Wednesday, 24 August 2011

First Time Novelists Warning

I know I am not yet published, so perhaps you may think that I do not yet posses efficient knowledge to be writing such a blog.
However, I have just completed my (current) extremely further revision of my novel, my first actually completed novel. Along the way I have suffered pain and heartache, lots of which I did not expect to. But I tell you this: I should have, and so should you.
Being an author isn't just about writing something with creativity and an original voice. There is so much more to take into consideration.
I am going to go through some of the lessons I have learnt in this ongoing journey. Although I must say that I am not perfect at this, I still have a way to go until I (please please!) See my book on a shelf with a shiny cover.

But I hope this will be of some help to anyway one reads this. And save some time taken away from finishing your masterpiece.

1. Never query too early, this was my mistake. The novel wasn't in a good enough shape, there was so much work that I needed to take the time to complete.
Make sure you are 200% confident that it is at its best before sending it out to the big wide world of querying. I know you may read this a lot, but its true.

2. You have to do your research, and not just for your fictional world you've created. You need knowledge, even if it’s just some, of the genre and market you would like to become a part of. This will help you become more aware.
However I will say don't shape your novel to fit a certain genre or marketplace, this will remove the joy from the process and won't make your book stand out. Know whom you’d like to read your book, and what you want to write about, but be unique.

3. Concerning agents, don't just query any old person who takes your fancy. Make sure you're your sending your work to the right person.
For example do the agency or agent handle your type of work? I myself have had to research what places take on YA Fantasy; some may take on one but not the other.
A good place to start your search is at Agent Query.
Also, are their doors open for submission currently? Do they have specific guidelines for submitting?
I suggest making a table (or spreadsheet if you're good at that) to keep all your information in one place.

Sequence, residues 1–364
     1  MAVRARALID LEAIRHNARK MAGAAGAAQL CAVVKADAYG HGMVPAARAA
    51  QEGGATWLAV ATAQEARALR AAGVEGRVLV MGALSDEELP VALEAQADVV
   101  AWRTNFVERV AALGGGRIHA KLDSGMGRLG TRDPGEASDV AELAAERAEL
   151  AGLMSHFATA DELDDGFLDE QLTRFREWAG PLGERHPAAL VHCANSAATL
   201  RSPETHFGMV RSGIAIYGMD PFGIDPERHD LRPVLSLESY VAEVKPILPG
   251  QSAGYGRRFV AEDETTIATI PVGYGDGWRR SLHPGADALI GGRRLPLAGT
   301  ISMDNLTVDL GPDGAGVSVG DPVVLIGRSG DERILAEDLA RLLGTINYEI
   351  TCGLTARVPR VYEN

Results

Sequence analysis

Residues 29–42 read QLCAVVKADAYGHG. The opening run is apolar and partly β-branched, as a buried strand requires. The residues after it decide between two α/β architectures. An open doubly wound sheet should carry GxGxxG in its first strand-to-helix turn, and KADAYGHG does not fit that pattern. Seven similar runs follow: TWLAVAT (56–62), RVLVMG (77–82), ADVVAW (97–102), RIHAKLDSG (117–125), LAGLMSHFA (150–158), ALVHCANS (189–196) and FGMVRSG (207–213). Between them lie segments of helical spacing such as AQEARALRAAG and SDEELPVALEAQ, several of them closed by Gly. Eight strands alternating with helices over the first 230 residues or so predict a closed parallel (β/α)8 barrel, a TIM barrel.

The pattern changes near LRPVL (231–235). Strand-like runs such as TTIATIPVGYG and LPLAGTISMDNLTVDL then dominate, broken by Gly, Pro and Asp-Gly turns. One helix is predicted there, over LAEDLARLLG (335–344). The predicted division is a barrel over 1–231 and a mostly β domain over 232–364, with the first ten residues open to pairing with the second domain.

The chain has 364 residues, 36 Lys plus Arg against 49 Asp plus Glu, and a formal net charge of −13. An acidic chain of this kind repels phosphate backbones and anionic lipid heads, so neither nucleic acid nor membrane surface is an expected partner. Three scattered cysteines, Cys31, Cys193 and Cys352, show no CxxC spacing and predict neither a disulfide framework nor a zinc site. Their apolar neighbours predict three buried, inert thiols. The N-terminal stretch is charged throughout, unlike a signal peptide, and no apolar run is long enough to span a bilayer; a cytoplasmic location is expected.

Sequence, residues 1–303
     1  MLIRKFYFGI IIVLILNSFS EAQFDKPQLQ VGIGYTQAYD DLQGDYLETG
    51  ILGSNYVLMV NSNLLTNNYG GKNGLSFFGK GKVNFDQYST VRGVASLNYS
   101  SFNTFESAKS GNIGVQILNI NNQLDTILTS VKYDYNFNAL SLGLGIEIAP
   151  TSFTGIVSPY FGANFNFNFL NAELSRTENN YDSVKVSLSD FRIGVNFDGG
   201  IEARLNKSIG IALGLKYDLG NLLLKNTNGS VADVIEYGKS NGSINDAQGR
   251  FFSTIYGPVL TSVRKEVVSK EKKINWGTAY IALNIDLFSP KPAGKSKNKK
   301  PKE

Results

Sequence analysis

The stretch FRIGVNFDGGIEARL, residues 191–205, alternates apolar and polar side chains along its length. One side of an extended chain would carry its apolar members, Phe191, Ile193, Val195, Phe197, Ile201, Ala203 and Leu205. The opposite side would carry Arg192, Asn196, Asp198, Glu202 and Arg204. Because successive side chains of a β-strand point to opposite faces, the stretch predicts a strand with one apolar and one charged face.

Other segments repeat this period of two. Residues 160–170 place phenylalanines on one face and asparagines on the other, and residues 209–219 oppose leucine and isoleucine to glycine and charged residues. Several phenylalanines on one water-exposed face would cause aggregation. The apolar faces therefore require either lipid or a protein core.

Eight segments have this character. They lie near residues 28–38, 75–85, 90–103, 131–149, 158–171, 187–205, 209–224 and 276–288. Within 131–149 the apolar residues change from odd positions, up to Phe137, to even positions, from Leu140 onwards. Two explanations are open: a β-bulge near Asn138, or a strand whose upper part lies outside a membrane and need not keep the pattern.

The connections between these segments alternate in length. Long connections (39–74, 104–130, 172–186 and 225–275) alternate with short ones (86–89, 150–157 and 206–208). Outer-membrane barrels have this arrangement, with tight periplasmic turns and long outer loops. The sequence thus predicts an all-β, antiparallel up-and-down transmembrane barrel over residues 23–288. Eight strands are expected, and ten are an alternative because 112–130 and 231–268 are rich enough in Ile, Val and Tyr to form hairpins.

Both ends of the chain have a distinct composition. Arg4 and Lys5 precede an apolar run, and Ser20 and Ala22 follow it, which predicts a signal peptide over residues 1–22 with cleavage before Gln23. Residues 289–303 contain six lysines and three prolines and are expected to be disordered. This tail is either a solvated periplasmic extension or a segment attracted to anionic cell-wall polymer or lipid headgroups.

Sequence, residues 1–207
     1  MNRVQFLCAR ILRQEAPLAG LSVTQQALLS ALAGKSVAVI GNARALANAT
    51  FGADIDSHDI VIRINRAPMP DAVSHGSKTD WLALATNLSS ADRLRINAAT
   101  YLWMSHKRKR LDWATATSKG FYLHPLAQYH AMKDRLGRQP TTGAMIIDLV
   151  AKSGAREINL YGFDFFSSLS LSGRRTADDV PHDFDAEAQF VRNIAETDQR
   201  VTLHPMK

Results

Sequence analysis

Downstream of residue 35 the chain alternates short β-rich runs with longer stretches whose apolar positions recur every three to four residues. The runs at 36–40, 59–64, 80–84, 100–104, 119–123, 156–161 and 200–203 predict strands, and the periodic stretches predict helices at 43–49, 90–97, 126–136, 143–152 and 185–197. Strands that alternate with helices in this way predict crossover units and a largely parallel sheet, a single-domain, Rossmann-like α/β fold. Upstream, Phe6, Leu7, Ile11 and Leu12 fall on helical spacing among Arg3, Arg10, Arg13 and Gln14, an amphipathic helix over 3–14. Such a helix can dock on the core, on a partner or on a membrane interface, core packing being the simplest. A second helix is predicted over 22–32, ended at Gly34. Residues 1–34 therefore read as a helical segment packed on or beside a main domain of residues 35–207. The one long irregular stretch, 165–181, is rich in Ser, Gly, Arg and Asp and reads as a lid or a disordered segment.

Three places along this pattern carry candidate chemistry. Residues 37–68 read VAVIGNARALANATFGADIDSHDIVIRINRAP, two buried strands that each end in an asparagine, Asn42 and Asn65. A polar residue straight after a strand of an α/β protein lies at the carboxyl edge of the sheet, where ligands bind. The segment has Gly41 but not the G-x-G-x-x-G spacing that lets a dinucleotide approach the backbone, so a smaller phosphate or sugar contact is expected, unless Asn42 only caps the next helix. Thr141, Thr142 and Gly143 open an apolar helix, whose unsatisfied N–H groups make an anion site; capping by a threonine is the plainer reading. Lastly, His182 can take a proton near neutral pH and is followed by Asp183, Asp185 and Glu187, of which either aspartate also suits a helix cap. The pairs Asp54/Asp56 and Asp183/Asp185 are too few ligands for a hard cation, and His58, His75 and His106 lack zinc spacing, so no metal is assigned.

4. From my, premature, round of queries I learnt the hard, but polite, way that my novel was too long. Way long. Some agents will just see your word count is too long and instantly dismiss your work.
I didn't really understand word count and how much of an integral part of publishing it is, especially when concerning new authors. (I know it seems naïve, but I'm new at this. I had no idea what to expect)
I say to learn more read this and this. Trust me, it's one of the most important things I learnt.

5. Get some sort of writing platform up and going, even if it’s just a twitter account with 11 followers. Be out there, it will help. Because if you do get published, these are all great advertising tools you will need, and it will help readers feel more connected to you and your work.
I read an interview recently with a great agent; she said that after reading your partial (if requested) she will Google your name just to see if you have an online presence. She said it doesn't matter if it was small, as long as you are there.

All this advice and information you can learn from the net. Look at author’s websites, their blogs or twitters. Read interviews they make, guest posts they publish. Do the same for agents and publishers.
A great website, run by brilliant friendly Stacey on twitter, I personally found a fantastic source for help is the YAFantasy Guide. Not only a good place to go if you're fan of that genre, but also amazing for other writers. It has great articles such as; painting pictures as a writer; how to get bloggers to review your books and what to avoid while writing dialogue.
Here are also some other great links to websites/articles which I found great help:

Great advice from author Josephine Angelini - of Starcrossed Series.

Author Zoe Marriott on getting published & writing diversely.

And finally, the most common piece of advice I see writers and such give, whether it be in an interview or on their blog etc, is:

Don't give up, follow your dreams.

And I agree with them whole-heartedly. As long as you believe in your story, if it has all those elements that make other books you read great, then go for it.
Perfect your book, use some of the advice above and go find more for yourself. Then just go for it.
What's the worse that could happen? People will say no? (Believe me there will be some who do) But then at least you've tried haven't you? You've put all the energy and enthusiasm you can behind it, then at the very least you can say you gave it a go.

Thanks for staying with me till the end of this, and I wish you the best of luck in your endeavours.
However the thing to remember is, keep your patience. Sometimes I struggle to find mine. So I close my eyes and dream of how I’ll feel if I succeed. It tends to help.


  1. Hi Amie, just want to say thank you for the post. There was a lot of articles in there that I hadn't come across before which I think will be very useful when working on my own story.
    Also congrats on finishing your own novel! I'm still dreaming of that day, hopefully it will happen sometime soon in the not too distance future :)

  2. I am really glad you found it helpful to read. It was a collection of some of the things, as I say, I found great help (and still do) so I'm really happy it can help you too.
    Thank you, still a couple things to adjust then we will see. Good luck with yours! Great feeling once it's finished! =)